Newsletter – Week 16 2024 – Is the US market topping out?

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Market watch:

Markets around the world have come off the boil somewhat in the last 10 days or so. While it is much too early to determine if there are any trends, the volatility is going to create some angst amongst investors. In the last 3 months the JSE appears to have performed better than Wall Street, but much of this is just a statistical anomaly. (Cobie gives us detailed insight into market volatility in his focus piece later).  


Mortgage rates in the US are on the rise again, back at the levels last seen in November last year. The 30-year mortgages are now at 7.1%. This is a doubling of rates from 3 years ago. (the RSA rate is currently at 11.75% – imagine if they went up to 20% – readers who were around in the 80s and 90s don’t have to imagine, I’m sure they remember those days very clearly).

This is going to impact the housing market, especially with first time buyers and middle class home owners who may be wanting to move. In commercial real estate in the US, there is a feeling that the real estate market has reached the bottom – and it isn’t pretty with a 35% decline in office prices and a 20% decline in commercial real estate overall. 


Bitcoin’s latest “halving” — the fourth in the cryptocurrency’s history — is now complete. And, there doesn’t seem to be much of a reaction because much of the price rise had already occurred earlier in the year. Bitcoin was trading at north of $63,000 roughly 30 minutes after the halving, which officially took place following the mining of the 840,000th block in the Bitcoin blockchain..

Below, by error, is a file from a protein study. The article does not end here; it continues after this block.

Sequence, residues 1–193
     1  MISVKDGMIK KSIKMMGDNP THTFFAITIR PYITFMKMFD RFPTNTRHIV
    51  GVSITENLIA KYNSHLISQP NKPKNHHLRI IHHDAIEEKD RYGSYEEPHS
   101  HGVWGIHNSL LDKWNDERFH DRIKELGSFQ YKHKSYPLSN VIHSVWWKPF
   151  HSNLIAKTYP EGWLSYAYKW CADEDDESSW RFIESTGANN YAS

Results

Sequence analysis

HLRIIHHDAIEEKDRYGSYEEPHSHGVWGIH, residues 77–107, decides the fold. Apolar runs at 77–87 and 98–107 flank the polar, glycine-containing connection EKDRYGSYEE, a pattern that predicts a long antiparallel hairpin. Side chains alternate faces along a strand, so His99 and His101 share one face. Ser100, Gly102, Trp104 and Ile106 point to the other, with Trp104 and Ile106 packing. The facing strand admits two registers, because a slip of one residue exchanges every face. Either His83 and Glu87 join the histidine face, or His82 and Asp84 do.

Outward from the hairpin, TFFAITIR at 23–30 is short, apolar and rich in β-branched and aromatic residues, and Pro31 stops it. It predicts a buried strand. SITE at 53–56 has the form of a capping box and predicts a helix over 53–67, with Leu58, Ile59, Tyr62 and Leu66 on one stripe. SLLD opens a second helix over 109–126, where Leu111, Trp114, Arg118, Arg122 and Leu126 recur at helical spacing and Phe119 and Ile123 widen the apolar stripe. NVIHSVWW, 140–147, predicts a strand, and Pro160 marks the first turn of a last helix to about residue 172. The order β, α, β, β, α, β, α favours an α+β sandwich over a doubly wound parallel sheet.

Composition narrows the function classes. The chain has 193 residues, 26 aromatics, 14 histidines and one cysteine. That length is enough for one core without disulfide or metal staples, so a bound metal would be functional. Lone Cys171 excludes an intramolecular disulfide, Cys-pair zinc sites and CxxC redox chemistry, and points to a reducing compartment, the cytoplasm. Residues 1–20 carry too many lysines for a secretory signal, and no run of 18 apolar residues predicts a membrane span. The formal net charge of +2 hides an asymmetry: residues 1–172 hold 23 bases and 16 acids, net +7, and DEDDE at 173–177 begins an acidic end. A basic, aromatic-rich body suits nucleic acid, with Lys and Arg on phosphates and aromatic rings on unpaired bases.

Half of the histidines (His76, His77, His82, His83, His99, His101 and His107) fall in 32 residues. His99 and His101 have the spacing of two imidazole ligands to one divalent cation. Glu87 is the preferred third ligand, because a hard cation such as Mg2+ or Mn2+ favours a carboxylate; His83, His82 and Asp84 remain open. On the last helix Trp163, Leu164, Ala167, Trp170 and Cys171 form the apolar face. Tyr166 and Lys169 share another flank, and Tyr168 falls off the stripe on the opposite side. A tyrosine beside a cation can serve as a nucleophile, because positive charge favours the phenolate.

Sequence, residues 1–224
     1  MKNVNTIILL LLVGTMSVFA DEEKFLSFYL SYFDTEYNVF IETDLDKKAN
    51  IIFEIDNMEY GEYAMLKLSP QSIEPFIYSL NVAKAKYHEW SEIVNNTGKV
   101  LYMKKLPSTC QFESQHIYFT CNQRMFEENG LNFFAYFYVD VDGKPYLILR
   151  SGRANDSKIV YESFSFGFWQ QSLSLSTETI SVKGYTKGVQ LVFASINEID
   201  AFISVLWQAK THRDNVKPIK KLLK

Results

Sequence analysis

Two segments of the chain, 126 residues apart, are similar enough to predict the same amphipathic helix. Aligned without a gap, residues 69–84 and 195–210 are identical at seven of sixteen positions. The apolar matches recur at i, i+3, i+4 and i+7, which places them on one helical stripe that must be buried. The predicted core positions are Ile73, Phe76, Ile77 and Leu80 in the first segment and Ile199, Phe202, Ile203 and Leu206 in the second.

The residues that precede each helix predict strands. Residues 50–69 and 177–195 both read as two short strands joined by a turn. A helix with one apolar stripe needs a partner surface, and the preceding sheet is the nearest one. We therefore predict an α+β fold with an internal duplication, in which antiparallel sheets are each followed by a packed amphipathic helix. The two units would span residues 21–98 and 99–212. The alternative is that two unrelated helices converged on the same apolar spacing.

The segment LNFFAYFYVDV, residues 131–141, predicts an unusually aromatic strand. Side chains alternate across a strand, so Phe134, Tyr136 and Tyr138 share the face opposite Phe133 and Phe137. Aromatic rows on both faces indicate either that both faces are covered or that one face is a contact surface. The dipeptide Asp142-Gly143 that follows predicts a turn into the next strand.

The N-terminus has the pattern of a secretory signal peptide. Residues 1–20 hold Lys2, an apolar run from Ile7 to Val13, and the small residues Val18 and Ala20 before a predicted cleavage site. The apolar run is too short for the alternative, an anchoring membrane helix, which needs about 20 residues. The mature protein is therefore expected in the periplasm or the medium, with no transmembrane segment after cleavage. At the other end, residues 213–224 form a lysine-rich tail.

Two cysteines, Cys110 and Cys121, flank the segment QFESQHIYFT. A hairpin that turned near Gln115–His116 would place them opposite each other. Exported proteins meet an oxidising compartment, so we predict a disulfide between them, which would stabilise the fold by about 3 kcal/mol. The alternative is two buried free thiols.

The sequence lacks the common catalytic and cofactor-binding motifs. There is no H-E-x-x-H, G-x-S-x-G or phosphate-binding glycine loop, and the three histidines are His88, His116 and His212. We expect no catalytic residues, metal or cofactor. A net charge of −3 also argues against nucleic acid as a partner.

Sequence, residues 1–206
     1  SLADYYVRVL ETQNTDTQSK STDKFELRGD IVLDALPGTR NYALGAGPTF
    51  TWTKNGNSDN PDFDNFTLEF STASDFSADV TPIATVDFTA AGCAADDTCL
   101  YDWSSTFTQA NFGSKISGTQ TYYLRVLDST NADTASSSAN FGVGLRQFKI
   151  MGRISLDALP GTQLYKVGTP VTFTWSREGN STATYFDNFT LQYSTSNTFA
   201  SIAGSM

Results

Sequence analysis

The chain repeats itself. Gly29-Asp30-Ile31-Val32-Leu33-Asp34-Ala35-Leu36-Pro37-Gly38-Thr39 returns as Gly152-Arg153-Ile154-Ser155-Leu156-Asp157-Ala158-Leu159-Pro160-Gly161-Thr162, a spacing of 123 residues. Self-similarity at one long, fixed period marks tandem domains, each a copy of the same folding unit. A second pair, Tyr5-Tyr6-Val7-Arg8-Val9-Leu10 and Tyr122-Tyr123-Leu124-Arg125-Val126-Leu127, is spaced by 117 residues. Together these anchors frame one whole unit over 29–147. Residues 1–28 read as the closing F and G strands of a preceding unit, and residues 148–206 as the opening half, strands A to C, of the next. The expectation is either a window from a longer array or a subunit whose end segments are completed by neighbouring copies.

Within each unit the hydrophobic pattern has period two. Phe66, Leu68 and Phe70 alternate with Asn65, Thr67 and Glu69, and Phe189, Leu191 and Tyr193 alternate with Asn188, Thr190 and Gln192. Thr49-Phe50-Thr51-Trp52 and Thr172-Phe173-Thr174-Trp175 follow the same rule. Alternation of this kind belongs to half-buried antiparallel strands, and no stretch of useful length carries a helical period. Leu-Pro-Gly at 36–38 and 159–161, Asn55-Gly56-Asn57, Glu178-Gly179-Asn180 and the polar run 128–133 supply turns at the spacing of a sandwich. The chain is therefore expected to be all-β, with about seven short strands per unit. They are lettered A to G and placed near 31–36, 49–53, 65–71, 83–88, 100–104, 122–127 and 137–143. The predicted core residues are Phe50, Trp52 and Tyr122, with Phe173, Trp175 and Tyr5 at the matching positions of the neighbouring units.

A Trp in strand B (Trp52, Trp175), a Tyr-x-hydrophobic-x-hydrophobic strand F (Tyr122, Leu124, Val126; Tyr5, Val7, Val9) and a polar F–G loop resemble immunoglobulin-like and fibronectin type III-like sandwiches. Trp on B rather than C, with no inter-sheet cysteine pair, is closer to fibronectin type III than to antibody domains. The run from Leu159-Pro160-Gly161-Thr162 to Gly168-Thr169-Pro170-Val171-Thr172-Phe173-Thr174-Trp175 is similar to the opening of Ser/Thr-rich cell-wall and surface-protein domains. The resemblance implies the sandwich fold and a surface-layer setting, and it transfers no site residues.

But what is the halving, and why is it important? The fourth halving is especially notable since roughly 95% of all bitcoins that will ever be in circulation have already been mined. Fortunately, while the reward miners receive for successfully completing a block has dropped to 3.125 from 6.25 bitcoins, they continue to receive additional income from transaction fees. Bitcoins are divisible into smaller units, with the smallest being a “Satoshi,” or one-hundred-millionth of a bitcoin.

Time in the market

The seemingly never-ending US bull market has underlined the importance of following the homily – it’s not the timing of the market – it’s the time in the market.

Even if stock prices have generally gone up over time in the past, there have certainly been long stretches when prices go down or sideways. Any investor who rides these periods out fully invested, hoping “asset allocation” will save them in the end, risks going years or even decades with little to no progress in his or her capital. You can see this in the graph below. 

For example, investors in 1929 — the year of one of the most famous crashes in Wall Street history — would have likely taken little comfort in knowing the Dow Jones Industrial Average didn’t return to its pre-crash high until 1955.  A poorly timed stock purchase in 1966 would have meant around 16 years of no gains until 1982. And even though the Dow briefly broke out to new highs in 2006/2007 above the previous 2000 peak, it was short-lived and really it wasn’t until 2013 that it got going again.

Considering a disproportionate amount of the wealth is now held by older Baby Boomers with fewer years to recover losses, many investors probably cannot stand to sit through a decade-plus of no gains should it happen again. Analysts are expecting Boomers and retirees to take more advantage of long term high treasuries that are available at the moment. 

China is fighting back

The Cyberspace Administration of China asked Apple last week to remove Meta Platforms’ WhatsApp and Threads from its App Store in China due to national security concerns. Signal and Telegram—two foreign messaging apps—were also removed from the Chinese App Store. The removal of the four apps comes as elites in Washington, DC, attempt to ban Chinese app TikTok from US phones.